I am not disputing polution or it's sources. I too am in my fifties  and I cannot believe your statement "this is the first time in history mankind has burned such refined fossil fuels" We have been burning these same fuels since the plants began. The difference is the polution that comes out today is not anywhere near what it use to be. While we have more plants than ever due to our growing population, can you imagine the polution we would be facing if nothing was ever done in the 70s and 80s to improve the quality of air. Does that mean we are done and cannot improve? of course we can. Does my position mean we should do nothing? Of course not, we should always strive to improve the quality of our air, water and land

                Do you not remember learning in school all the predictions we were heading to a global freeze because of polution? Today they use they same polution to push a "global warming"agenda. All I am saying that there is no global warming. The earth has had warming and cooling cycles since the begining. Long before we ever had factories and it will continue over time.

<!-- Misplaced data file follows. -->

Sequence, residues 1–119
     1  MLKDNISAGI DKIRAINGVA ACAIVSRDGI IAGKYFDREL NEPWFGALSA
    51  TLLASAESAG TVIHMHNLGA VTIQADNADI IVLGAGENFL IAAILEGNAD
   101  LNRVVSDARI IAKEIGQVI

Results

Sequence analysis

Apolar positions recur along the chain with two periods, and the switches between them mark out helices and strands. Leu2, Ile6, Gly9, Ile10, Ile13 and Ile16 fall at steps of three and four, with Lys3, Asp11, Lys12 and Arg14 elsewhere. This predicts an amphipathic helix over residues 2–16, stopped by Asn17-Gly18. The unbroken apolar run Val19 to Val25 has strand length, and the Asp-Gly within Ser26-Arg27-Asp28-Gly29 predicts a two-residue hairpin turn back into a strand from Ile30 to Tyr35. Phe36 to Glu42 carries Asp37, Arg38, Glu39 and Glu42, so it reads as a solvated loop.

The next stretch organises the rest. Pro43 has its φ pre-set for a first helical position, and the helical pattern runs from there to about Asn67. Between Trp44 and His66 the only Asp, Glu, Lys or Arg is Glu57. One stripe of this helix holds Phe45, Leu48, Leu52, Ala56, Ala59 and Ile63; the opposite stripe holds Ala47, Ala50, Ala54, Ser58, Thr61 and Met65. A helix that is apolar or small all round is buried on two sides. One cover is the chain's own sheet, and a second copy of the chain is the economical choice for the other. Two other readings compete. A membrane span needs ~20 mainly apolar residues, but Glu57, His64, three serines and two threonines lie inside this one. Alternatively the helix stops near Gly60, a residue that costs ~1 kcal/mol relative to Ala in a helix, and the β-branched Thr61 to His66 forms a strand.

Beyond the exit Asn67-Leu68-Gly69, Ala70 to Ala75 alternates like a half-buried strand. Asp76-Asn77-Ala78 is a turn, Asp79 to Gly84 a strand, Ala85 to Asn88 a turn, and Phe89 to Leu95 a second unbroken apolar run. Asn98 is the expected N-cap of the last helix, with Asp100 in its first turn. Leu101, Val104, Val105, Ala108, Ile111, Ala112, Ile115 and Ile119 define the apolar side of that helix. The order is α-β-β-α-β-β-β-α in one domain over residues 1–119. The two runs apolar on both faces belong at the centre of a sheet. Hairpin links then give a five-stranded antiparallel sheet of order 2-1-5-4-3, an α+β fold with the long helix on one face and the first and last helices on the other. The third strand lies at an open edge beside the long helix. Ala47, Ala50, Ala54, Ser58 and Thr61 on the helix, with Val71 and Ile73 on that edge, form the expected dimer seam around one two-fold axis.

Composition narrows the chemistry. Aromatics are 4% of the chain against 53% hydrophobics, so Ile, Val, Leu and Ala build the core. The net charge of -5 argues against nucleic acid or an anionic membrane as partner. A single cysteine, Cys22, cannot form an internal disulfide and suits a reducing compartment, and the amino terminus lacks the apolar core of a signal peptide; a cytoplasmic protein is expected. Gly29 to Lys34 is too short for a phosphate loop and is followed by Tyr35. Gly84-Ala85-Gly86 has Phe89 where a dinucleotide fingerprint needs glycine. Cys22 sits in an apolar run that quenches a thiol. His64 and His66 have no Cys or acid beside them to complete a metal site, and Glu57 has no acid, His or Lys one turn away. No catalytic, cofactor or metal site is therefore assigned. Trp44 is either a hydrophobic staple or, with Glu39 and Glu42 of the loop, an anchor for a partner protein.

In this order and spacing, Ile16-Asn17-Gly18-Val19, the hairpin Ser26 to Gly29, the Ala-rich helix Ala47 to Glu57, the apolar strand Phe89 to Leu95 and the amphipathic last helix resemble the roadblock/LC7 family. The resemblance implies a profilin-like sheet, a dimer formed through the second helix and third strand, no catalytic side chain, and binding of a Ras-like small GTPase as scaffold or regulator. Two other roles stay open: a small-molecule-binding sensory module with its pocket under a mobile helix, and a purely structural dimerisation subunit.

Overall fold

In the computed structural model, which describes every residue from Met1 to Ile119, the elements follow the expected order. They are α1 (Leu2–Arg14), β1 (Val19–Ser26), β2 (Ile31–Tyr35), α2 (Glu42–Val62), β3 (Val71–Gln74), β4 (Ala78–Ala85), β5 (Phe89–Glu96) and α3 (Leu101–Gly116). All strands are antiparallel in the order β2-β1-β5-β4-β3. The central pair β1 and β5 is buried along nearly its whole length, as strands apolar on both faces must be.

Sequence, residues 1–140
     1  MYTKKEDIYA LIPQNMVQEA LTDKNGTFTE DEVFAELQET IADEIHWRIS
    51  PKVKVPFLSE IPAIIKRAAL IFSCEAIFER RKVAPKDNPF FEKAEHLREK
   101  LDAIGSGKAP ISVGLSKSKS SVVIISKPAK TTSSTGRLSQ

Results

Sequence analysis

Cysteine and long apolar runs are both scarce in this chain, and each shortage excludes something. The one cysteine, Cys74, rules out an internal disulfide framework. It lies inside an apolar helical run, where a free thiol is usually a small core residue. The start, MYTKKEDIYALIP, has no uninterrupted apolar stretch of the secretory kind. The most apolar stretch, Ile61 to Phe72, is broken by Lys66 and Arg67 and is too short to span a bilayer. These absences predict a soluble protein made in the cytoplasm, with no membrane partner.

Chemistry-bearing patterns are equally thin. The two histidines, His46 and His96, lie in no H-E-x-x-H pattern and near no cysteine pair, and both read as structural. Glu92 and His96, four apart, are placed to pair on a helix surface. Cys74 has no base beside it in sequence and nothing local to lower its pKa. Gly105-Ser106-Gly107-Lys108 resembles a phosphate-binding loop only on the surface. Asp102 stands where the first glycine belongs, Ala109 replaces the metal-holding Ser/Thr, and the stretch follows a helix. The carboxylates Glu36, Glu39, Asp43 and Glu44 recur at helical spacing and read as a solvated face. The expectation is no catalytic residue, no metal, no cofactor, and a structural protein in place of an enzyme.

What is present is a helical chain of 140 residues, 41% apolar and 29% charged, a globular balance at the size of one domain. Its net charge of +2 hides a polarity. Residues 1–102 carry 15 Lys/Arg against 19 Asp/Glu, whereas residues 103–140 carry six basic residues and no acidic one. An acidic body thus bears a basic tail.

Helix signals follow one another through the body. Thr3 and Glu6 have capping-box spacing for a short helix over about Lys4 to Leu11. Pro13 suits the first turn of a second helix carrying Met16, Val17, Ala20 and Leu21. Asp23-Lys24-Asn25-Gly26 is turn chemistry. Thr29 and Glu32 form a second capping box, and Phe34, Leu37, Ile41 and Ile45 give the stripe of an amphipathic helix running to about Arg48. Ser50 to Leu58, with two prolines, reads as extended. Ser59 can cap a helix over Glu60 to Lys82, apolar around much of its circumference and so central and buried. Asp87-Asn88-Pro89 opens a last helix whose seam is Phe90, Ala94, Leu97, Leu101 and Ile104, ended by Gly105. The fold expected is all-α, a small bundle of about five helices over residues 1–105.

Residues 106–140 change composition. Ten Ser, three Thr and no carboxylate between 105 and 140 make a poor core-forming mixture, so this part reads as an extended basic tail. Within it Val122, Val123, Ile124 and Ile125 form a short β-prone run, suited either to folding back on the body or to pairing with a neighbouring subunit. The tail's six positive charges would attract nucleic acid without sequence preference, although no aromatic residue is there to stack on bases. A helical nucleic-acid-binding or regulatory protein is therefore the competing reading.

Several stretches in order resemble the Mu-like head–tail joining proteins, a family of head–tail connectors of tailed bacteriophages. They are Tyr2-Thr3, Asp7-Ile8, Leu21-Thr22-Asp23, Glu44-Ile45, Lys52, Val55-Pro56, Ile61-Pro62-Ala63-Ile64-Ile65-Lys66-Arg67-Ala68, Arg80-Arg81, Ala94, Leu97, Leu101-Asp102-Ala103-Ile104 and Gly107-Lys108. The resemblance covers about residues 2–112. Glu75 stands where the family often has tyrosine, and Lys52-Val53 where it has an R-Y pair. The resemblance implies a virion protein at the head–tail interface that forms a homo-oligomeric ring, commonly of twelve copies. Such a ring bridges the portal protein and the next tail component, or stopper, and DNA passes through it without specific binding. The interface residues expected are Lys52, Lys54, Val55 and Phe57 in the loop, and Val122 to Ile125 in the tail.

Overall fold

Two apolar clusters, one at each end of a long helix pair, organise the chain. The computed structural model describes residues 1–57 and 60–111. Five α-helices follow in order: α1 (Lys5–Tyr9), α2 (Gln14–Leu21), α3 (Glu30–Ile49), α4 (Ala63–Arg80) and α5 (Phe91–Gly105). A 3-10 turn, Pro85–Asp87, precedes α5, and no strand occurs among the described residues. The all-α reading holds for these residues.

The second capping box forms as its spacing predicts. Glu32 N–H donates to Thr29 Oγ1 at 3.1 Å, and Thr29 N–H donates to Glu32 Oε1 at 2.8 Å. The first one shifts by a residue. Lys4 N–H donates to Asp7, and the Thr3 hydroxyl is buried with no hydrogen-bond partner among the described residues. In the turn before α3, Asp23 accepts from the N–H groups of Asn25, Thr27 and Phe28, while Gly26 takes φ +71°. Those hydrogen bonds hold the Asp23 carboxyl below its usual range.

1. kerryg profile image87
                  kerrygposted 5 years ago in reply to this

                  "I am not disputing polution or it's sources. I too am in my fifties  and I cannot believe your statement "this is the first time in history mankind has burned such refined fossil fuels" We have been burning these same fuels since the plants began."

                  What? Humans have been around for 200,000 years. We've been burning fossil fuels for only about 250 of those.

                  "Do you not remember learning in school all the predictions we were heading to a global freeze because of polution?"